“All the world is a stage and all the men and women merely players.” Not only William Shakespeare believed that. Peggy Rubin did, too, when she wrote the wonderful transformative book To Be and How to Be. Rubin takes the concepts found in drama such as character, plot, setting, audience, conflict and expression and gives advice to evaluate and hopefully change the reader’s life.
The first few chapters involve identifying one’s role in life. What gifts have you displayed that made you the happiest? How do friends and family members see you, and how do you see yourself? What role would you like to contribute to society, as a healer, a teacher, or a performer? Rubin gives the reader the initial role that the reader wants to play in their lives and how they want to use that role to relate to others.
The next chapters involve the stories that the reader has portrayed using plots that have motivated plays and stories, such as The Fatal Flaw (“A curse or terrible defect drives the central character to do everything possible to alleviate that flaw….”) or The Lost Gift (“Some precious treasure has been lost. If found by the right person, often this treasure will benefit the world…”).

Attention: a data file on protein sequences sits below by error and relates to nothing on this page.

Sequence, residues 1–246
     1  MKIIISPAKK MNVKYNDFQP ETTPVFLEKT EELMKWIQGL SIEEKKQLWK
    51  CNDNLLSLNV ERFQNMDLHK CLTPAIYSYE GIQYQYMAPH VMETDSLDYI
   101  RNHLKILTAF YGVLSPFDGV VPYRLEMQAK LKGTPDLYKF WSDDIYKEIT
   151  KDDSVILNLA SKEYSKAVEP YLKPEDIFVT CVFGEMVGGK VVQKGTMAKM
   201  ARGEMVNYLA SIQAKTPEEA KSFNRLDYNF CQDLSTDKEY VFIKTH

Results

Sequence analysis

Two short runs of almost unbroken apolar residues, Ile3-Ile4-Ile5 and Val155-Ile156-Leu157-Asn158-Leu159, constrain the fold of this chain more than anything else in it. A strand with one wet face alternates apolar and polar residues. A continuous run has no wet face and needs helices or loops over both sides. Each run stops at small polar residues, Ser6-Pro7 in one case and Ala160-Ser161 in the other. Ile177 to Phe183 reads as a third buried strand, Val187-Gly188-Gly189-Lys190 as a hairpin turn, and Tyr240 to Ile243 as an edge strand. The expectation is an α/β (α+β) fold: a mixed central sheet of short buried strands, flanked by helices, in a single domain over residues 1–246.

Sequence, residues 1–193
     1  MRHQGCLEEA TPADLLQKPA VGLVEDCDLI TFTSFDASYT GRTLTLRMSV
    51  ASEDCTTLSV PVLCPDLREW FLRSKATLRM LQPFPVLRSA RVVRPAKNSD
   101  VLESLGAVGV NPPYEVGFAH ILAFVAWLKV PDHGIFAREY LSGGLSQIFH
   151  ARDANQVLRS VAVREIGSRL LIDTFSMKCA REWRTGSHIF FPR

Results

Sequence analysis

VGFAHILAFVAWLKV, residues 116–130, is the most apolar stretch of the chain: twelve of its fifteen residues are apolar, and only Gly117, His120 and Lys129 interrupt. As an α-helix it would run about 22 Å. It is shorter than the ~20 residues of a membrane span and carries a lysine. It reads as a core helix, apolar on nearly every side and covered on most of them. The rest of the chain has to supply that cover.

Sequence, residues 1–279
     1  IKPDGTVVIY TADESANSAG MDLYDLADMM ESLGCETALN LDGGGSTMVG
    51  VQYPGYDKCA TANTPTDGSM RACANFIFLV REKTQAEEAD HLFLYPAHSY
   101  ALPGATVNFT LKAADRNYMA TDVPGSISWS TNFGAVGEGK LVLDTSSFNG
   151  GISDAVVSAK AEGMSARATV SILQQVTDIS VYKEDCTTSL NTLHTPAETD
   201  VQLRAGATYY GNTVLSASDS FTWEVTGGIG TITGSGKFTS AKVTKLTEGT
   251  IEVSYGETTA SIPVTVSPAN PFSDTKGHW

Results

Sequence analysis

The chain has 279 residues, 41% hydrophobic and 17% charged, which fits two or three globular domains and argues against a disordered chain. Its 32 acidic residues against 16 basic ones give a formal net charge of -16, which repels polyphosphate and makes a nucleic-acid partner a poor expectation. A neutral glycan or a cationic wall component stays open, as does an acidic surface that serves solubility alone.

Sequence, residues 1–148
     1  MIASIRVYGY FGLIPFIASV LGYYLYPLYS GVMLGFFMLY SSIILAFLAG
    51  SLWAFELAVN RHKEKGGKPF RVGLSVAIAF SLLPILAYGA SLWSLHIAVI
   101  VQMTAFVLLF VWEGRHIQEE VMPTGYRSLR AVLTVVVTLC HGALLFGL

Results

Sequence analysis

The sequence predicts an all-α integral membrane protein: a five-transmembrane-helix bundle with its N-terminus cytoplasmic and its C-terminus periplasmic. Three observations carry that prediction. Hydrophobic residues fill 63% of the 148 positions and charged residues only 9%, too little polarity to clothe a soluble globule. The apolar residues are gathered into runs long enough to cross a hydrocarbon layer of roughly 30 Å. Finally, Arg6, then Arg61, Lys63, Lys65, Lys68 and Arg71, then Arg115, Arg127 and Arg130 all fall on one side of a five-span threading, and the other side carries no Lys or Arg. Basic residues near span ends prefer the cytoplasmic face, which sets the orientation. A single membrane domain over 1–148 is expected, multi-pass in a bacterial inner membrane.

Settings are also discussed as not just the current physical realm of the body and homes, but also our place in larger societies and within the spirit world to become complete beings. Rubin also takes into account points of view (seeing life through another perspective than our own) and conflict (dealing with loss and arguments with others).
Besides the journey, Rubin compares the situations to those of characters in drama. Beatrice from Much Ado About Nothing is an example as a woman who knows and recognizes her true nature. Hamlet is written as someone who is in conflict about his role in society and so on. Rubin is similar to Joseph Campbell and other experts who take lessons from literature and drama and relate them to the real physical world. Using this book, the reader will be drawn to star in the play of their own lives to the fullest.